Dorset,  in particular, and Wessex in general, is full of places with double-barrelled names, where the name (or sometimes rank) of the owning family has been added to the original place-name. Often this has had the effect of generating names with a peculiar west-country lilt, all of their own. Some examples from Dorset (other counties like Hampshire, Somerset and Devon have their own, but we do not need to look outside Dorset for wonderful instances):

  • Bere Regis, Melcombe Regis and Winterborne Kingston - places owned direct by the King;
  • Stoke Abbott, Milton Abbas and Winterbourne Abbas - owned by an abbey or abbot;
  • Toller Fratrum and Winterborne Monkton - owned by the brothers of a monastery (Toller Porcorum doesn't quite fit this pattern!);
  • Langton Herring, Kingston Russell, Hazelbury Bryan, Winfrith Newburgh, Combe Keynes, Worth Matravers, Melcombe Bingham, Bradford Peverell, Wootton Fitzpaine, Fifehead Neville - all retaining memory of the families that owned the villages in the Middle Ages. 

Is there a word for this habit of adding an owner's name to a place-name, or for the type of place-name that results? Whatever, Sutton Poyntz fits totally into the pattern. There is absolutely no mystery about Sutton Poyntz's name (unless perhaps you choose to puzzle over what Sutton is to the south of). But when did simple Sutton become known Sutton Poyntz? We are still trying to establish this. The earliest reference we have found so far is in an Inquisition Post Mortem (an enquiry into the land-holdings of someone recently died) dated September 1314; this was an enquiry into the holdings of Gilbert de Clare, earl of Gloucester, from whom the Poyntz family held Sutton Poyntz. It is possible that the village was called Sutton Poyntz in this document in order to distinguish it from other places called Sutton in the Earl's large land-holdings. What is clear is that over the next hundred years or so, Sutton became known more and more frequently as Sutton Poyntz.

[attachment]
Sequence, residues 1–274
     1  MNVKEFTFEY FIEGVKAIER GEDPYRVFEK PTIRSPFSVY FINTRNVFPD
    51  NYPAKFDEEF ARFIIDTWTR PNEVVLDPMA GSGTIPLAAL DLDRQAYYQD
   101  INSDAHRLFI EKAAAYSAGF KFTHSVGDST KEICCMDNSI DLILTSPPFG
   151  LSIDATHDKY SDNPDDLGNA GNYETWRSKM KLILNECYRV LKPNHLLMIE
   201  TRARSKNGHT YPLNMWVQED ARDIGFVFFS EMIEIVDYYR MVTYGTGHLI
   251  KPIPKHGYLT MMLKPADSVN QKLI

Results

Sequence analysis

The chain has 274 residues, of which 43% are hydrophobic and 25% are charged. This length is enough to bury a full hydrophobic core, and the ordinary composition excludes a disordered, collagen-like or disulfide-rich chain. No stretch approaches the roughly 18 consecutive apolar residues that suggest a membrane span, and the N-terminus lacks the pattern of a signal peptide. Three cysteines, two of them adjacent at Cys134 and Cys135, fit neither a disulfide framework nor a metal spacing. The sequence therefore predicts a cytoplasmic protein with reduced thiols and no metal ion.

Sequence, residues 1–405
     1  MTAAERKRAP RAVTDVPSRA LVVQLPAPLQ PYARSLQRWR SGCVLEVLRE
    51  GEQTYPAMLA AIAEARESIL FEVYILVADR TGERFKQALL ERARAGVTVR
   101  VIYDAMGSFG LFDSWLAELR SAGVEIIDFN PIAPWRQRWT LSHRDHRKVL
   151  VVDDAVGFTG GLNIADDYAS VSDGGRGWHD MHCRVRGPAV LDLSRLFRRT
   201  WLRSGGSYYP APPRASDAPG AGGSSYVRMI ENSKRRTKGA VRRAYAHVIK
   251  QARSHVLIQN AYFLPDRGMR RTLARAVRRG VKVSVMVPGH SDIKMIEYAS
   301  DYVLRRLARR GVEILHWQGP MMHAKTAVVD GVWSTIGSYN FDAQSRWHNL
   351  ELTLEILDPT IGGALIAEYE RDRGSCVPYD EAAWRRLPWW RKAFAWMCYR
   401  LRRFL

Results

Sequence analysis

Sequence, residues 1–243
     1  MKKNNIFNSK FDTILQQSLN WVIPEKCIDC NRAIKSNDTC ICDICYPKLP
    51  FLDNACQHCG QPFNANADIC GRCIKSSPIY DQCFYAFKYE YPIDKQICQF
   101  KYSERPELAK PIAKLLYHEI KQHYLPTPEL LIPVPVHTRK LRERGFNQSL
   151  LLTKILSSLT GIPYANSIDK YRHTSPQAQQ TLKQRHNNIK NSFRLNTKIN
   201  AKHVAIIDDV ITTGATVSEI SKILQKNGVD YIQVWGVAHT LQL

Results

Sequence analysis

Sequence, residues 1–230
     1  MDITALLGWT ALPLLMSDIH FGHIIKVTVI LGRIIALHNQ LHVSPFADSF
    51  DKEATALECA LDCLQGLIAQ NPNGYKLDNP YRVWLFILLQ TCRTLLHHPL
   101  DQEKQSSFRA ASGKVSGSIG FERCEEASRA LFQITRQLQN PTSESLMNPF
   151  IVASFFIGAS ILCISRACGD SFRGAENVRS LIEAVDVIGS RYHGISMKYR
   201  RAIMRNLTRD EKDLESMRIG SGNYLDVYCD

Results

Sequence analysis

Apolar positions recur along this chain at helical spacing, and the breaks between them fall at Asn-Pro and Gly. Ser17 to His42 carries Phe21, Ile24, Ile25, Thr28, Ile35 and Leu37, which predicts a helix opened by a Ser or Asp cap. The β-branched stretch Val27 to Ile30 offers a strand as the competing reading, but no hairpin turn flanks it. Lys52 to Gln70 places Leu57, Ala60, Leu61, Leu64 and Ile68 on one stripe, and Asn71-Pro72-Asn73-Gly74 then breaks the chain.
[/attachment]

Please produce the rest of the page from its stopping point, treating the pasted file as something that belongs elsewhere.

What's in a name?

In medieval times, spelling was notoriously variable. The name we now know as Poyntz was spelled in many ways - Poynz, Poyntz, Poinz, Pointz, Ponz and others. Gradually, the spelling settled down. What is really fascinating, however, is that the family name and place name settled in different ways, and were only brought back together fairly recently. By the 16th Century, the family name seemed to be spelled universally in the modern way - Poyntz. The village, however, was called Sutton Pointz, until some time in the early 19th Century when there was evidently a determined move to change its name to match that of the family. The watershed seems to have been around 1830; after that, the village was called Sutton Poyntz. It would be nice to know more about this - what did the villagers think about it, who were the people urging the change, was there some single event that changed the name?


Other Poyntz's

Sir Nicholas Poyntz, 2nd Baron, had two other sons as well as Hugh: Nicholas Poyntz (yet another Nicholas) went into the church, and became Vicar of Hoo in Kent. The youngest son, Sir John Poyntz succeeded to his mother's estate of Iron Acton, near Tockington on the north side of Bristol. Click here for information on some of the interesting descendants on this line of the Poyntz family, which continues to this day.